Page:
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Kenney Dennard Publisher
Georgia Lottery Takes Over Convenience Store Slot Machines, But Nothing Changes

by Amanda Smith


With the passage of House Bill 487 on April 10, 2013, the Georgia Lottery Corporation assumed responsibility from the Georgia Department of Revenue for regulation of all coin-operated amusement machines (COAMS) in the state of Georgia. The intention of HB487 is to stop the payout of cash to winners playing slot machines in convenience stores and to insure that the Ga. Hope and Pre-K programs receive their percentage of all cash put into the machines. This is a lofty and admirable goal, but one has to wonder when enforcement of the bill will go into effect.

It is common knowledge that it is illegal for convenience store operators to rewards winners with cash payouts. It is also well-known in the gambling community that once a person has gambled in a store for a couple of days, the clerk is willing to pay cash to the winners. There is absolutely no regulation of this practice - something House Bill 487 was designed to address and correct.

Anyone can Google HB487, but will find decoding of it difficult. Thirty pages of legal jargon can leave the mind boggling, but the essence of the bill states that store owners must provide to the Georgia Lottery Corporation gross and net receipts for all money going into the machines and gross receipts for the business location, on a monthly basis. This income information should be submitted electronically on the 20th day of each month for the prior month, beginning on August 20, 2013. If this were done, the Georgia Lottery would know exactly how much money was put into the machines and if any cash payouts were given to winners. In fact, all machines are supposed to be linked to a central state-run computer by 2023.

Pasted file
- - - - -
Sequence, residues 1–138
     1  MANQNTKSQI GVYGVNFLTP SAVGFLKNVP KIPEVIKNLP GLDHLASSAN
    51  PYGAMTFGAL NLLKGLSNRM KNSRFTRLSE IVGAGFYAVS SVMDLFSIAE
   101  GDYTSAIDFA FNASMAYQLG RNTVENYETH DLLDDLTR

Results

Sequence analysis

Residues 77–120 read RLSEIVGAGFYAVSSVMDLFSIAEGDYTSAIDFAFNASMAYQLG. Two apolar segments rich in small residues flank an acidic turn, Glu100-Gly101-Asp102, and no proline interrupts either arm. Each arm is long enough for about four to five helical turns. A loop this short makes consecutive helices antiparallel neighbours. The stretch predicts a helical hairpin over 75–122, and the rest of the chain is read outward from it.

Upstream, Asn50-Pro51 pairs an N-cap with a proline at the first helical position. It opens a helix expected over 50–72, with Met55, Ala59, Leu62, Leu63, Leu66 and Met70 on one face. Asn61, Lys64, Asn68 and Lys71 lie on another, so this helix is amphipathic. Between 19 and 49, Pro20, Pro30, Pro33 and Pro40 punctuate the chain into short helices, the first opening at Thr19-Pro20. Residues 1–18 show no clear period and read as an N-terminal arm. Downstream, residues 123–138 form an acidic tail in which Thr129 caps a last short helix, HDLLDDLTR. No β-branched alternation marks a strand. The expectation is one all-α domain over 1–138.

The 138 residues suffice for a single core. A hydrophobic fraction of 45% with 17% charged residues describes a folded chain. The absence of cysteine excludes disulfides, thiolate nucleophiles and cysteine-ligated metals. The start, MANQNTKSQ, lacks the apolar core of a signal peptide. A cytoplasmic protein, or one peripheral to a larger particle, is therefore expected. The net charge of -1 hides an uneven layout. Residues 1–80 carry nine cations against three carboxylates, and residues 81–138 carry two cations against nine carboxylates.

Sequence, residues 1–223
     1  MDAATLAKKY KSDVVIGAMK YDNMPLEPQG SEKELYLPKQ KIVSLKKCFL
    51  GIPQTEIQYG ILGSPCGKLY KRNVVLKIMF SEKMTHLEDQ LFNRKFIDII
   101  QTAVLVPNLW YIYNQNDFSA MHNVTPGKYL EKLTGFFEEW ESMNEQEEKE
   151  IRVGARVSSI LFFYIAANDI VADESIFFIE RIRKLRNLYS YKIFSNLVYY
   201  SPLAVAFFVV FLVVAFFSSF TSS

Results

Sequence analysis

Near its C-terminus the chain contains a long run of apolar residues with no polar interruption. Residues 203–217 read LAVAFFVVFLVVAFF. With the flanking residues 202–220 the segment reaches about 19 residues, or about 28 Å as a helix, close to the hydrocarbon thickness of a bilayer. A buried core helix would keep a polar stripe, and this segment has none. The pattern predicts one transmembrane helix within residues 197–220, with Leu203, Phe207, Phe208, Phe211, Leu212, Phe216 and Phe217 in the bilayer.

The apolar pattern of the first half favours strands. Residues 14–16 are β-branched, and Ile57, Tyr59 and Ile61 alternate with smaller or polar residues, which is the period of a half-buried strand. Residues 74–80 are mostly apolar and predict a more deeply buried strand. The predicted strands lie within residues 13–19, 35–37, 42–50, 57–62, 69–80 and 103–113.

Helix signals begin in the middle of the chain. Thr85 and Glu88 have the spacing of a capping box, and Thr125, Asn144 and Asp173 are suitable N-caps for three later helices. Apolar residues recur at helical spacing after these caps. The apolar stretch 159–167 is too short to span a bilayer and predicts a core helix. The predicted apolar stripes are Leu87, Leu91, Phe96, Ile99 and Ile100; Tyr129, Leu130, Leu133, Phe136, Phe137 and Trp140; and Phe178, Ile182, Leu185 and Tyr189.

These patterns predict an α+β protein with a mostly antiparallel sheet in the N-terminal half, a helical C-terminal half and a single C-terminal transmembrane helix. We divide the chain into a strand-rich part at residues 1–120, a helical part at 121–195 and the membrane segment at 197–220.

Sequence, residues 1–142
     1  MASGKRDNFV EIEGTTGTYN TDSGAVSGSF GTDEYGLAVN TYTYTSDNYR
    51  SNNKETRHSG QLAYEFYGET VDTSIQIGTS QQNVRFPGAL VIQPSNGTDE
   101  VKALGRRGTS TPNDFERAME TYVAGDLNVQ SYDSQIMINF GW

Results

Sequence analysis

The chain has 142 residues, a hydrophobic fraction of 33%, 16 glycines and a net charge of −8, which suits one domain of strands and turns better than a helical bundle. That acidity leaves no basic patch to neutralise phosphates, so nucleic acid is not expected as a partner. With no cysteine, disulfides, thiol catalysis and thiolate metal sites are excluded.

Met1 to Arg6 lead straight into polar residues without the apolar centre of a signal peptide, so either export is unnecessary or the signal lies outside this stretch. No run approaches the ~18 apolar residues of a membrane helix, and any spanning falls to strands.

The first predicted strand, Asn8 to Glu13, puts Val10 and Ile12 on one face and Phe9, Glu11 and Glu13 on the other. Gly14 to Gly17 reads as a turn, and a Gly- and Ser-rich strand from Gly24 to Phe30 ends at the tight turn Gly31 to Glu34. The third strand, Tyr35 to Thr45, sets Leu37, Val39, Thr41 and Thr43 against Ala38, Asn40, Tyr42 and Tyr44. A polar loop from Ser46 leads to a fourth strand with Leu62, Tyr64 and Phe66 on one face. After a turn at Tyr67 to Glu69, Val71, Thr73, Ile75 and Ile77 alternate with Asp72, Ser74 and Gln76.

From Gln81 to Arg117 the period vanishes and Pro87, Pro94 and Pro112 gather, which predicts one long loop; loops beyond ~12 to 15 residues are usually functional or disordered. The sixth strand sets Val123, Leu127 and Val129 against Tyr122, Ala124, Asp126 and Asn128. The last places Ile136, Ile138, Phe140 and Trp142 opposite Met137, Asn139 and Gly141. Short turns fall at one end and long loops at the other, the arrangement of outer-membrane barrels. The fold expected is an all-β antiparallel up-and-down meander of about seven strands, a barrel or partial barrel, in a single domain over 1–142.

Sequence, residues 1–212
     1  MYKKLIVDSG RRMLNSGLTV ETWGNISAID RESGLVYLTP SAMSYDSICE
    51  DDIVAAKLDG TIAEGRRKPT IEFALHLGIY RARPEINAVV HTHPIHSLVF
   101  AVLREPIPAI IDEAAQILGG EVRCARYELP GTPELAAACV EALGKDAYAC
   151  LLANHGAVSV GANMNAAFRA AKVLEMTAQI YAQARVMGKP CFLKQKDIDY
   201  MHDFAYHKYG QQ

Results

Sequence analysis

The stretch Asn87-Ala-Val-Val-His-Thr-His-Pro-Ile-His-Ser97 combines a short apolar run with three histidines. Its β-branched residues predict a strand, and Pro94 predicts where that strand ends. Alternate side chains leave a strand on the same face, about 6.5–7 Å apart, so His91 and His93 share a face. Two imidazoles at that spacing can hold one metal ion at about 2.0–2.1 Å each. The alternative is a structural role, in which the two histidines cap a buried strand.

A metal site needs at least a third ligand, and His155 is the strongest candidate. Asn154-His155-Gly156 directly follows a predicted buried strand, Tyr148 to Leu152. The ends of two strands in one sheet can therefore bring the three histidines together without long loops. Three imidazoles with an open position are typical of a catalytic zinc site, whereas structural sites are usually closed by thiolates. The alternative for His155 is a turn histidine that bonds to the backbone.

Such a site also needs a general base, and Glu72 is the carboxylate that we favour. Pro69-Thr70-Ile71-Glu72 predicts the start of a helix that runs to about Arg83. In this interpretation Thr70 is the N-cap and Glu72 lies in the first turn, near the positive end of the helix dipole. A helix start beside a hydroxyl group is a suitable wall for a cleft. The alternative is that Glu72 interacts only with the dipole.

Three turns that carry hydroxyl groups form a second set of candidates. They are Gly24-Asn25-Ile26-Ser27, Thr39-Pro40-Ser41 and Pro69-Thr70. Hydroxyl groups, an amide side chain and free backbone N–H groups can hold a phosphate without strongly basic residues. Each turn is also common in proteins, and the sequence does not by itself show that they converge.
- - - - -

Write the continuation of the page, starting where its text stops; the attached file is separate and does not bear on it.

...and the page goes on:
In the February issue of The Informer, the playing of convenience store slot machines was compared to an addiction to crack cocaine. As a practice that millions engage in on a daily basis, gambling on convenience store machines has become the pastime of anyone with a dollar who seeks the thrill of a possible big win. The common lament of those leaving the store is "why did I spend every dollar I had on that stupid machine?"

"I put $700 in a machine and I never got ahead," said Alice. "I lost every dollar of my house payment and I feel so stupid. I felt like they had changed the machine to make it harder to hit anything - I had won on that very machine a few days before, so I thought it would hit eventually for something," she continued. "I think the store owners change the machines once somebody wins to make it harder to win the next time." The new crack cocaine.

"Every day, I tell myself I'm only gonna play $5 but I always end up spending everything I have in my purse when I walked in the door," said Janice, a slot machine addict who plays daily at a convenience store in east Macon. "I've tried to save a little money so I can come back the next day, but I just can't. My mind won't let me stop. And if somebody sitting next to me wins, I wait for them to leave so I can get on the "lucky" machine," she continued. "I know it doesn't make sense, but I just can't stop." The new crack cocaine.

Whether or not the retailer changes the machines to make them harder to win on is beside the point. Christian groups across the state strongly opposed the passage of HB487, citing the fact that gambling destroys lives and that now one can gamble all day next to the milk and bread. "Gamblers are the most optimistic people," said Jerry Luquire, President of the Georgia Christian Coalition. "They must be, knowing the odds are against them in any gambling venture. So they prepare for tomorrow’s customers by making sure young folks feel at home around gambling and seeing Mom and Dad dropping money in machines," he continued. "Much more visual than purchasing pieces of cardboard (lottery tickets). At least in casinos, those under 18 are not admitted. Not so at your local gambling store."

When asked about enforcement of the legislation and/or penalties for illegal activities, Tandi Reddick of the Georgia Lottery Corporation responded, "Specifics regarding COAM compliance and penalties are outlined in HB 487; a copy of the legislation can be found on the retailer page of the Georgia Lottery website (www.galottery.com). The Georgia Lottery will adhere to the letter and intent of the law," she continued.  "A public tip line has been established to report COAM fraud or abuse at 855-515-0004."

Rogue store owners do not report the machine's earnings to the Department of Revenue (or the Georgia Lottery Corporation now) and the education of our youth takes the hit. If the state of Georgia is going to allow gambling on convenience store slot machines, then the revenue should at least go where it’s supposed to be going - education.

Gwenette Westbrooks